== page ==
The Competition and Markets Authority (CMA) has found that Ping broke competition law by preventing 2 UK retailers from selling its golf clubs on their websites. Ping is required to bring the online sales ban to an end, and must not impose the same or equivalent terms on other retailers.
Whilst Ping must allow retailers to sell online it may require them to meet certain conditions before doing so. These conditions must, though, be compatible with competition law.
The CMA found that, while Ping was pursuing a genuine commercial aim of promoting in-store custom fitting, it could have achieved this through less restrictive means.
Ann Pope, Senior Director for Antitrust enforcement, said:
The internet is an increasingly important distribution channel and retailers’ ability to sell online, and reach as wide a customer base as possible, should not be unduly restricted.
The fine the CMA has today imposed on Ping should act as a warning to companies that preventing its products from being sold online could be illegal.
The level of the fine imposed on Ping reflects that the CMA found the breach of competition law occurred in the context of a genuine commercial aim of promoting in-store custom fitting.
Notes for editors
- The CMA is the UK’s primary competition and consumer authority. It is an independent non-ministerial government department with responsibility for carrying out investigations into mergers, markets and the regulated industries and enforcing competition and consumer law. For CMA updates, see our homepage or follow us on Twitter @CMAgovuk, Facebook,
Flickr and LinkedIn. Sign up to our email alerts to receive updates on Competition Act 1998 and civil cartels cases.
- The non-confidential decision will be published on the case page in due course following the redaction of commercially sensitive information.
- The Chapter I prohibition of the Competition Act 1998 covers anti-competitive agreements, concerted practices and decisions by associations of undertakings which have as their object or effect the prevention, restriction or distortion of competition within the UK or a part of it and which may affect trade within the UK or a part of it. Similarly, Article 101 of the Treaty on the Functioning of the European Union (TFEU) prohibits such anti-competitive agreements, concerted practices and decisions by associations of undertakings which may affect trade between EU member states.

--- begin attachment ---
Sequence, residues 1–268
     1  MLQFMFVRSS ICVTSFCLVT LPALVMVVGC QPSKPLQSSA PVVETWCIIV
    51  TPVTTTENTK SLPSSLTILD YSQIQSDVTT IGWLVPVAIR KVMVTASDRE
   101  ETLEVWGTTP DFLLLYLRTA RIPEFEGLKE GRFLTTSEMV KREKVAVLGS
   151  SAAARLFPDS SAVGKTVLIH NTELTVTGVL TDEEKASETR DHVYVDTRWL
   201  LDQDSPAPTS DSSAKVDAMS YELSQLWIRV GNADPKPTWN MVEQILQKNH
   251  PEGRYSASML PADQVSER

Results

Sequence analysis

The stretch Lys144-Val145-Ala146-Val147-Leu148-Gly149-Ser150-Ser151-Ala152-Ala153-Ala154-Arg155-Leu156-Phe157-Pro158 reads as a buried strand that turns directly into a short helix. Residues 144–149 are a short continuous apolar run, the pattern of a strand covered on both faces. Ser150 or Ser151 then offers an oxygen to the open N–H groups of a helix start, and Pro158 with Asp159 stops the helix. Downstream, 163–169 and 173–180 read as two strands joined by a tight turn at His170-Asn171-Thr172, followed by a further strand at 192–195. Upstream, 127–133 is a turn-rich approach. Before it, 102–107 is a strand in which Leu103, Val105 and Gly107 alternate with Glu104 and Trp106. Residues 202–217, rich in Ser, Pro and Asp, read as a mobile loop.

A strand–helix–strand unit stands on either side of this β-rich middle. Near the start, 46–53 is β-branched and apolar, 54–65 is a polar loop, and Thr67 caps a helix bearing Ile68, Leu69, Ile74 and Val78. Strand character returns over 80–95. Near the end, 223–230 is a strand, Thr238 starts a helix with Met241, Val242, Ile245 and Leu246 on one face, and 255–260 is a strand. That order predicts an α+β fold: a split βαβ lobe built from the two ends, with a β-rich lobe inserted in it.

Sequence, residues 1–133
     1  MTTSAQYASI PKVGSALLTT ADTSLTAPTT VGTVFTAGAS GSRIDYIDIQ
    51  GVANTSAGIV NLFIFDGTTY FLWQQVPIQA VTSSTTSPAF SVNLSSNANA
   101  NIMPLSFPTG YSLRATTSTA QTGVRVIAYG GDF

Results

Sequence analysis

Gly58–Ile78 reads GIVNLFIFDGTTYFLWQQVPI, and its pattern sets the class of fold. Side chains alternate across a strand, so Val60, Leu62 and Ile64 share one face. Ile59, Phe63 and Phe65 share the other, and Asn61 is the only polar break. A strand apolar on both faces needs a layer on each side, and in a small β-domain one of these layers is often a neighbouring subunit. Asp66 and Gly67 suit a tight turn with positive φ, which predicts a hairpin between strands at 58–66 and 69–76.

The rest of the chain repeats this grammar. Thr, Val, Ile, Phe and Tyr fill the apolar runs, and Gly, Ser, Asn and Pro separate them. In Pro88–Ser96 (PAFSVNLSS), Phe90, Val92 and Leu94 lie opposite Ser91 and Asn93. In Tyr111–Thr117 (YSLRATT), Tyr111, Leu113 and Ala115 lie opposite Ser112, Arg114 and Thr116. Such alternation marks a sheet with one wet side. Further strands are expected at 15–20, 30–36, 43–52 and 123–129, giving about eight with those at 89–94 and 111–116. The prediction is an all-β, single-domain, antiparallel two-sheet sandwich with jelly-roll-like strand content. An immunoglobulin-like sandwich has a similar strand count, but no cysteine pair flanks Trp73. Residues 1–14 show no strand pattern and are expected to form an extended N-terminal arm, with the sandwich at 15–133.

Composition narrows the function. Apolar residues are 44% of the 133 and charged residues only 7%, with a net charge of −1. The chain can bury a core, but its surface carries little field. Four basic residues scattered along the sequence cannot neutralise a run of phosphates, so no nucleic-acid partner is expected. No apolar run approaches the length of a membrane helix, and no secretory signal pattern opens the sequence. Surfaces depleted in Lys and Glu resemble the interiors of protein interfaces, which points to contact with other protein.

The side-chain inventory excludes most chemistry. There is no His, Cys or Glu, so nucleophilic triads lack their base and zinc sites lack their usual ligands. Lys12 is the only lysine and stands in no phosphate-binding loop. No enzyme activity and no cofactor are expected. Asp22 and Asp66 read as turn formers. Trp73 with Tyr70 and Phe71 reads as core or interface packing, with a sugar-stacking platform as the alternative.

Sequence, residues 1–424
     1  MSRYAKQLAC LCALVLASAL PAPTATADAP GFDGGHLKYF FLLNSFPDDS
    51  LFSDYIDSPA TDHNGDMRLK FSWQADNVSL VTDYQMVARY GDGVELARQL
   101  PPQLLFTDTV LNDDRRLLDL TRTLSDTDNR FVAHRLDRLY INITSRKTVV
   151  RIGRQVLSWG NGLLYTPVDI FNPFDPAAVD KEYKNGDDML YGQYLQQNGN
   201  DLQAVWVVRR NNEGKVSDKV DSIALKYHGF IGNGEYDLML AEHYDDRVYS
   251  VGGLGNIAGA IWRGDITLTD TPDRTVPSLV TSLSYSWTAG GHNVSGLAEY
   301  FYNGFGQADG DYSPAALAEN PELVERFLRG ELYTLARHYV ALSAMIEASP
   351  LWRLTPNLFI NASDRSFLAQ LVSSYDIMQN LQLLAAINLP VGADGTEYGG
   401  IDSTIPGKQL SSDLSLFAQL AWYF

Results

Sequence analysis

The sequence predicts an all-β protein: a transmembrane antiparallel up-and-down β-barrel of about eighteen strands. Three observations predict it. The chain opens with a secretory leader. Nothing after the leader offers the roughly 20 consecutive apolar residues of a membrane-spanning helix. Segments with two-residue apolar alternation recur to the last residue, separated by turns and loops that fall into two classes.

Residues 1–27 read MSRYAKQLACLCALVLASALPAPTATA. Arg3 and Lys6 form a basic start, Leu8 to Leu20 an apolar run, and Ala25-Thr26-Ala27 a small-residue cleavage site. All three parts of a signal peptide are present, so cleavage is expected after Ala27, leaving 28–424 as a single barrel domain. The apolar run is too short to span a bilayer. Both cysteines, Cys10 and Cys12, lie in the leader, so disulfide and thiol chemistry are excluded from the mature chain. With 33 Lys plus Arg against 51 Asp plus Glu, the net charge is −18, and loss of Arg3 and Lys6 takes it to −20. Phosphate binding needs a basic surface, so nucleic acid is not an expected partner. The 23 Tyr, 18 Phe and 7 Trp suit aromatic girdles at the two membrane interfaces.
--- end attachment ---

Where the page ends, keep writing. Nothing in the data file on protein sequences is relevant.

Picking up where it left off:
- Any business found to have infringed the Competition Act 1998 could be fined up to 10% of its annual worldwide group turnover. In calculating financial penalties, the CMA takes into account a number of factors including seriousness of the infringement(s), turnover in the relevant market and any mitigating and/or aggravating factors. In addition, adjustments may then be made to reflect the specific size and financial position of the business in question.
- A penalty has been imposed on Ping Europe Limited which was directly involved in the infringements. The CMA has not imposed penalties on those retailers with whom Ping Europe Limited entered the infringing agreements in this case. The CMA has applied rule 10(2) of its Competition Act 1998 Rules, according to which it may address its infringement decision to fewer than all the persons who were party to the relevant agreements. Although the CMA has decided in this case to impose a fine only on the supplier, retailers should be aware that they can also be fined for entering into agreements containing anti-competitive restrictions with suppliers.
- Any business that has concerns about an online sales ban or other anti-competitive behaviour can contact the CMA through our online form or by phone (020 3738 6000). If you have been involved, you may even benefit from lenient treatment by coming forward to the CMA. See our leniency pages for more information about how to apply for leniency as well as leniency benefits, eligibility and conditions.
- Following publication of the statement of objections in June 2016, the final decision has been taken by a case decision group, the members of which are separate from the case investigation team and who were not involved in the decision to issue the statement of objections.
- Enquiries should be directed to email@example.com or 020 3738 6798.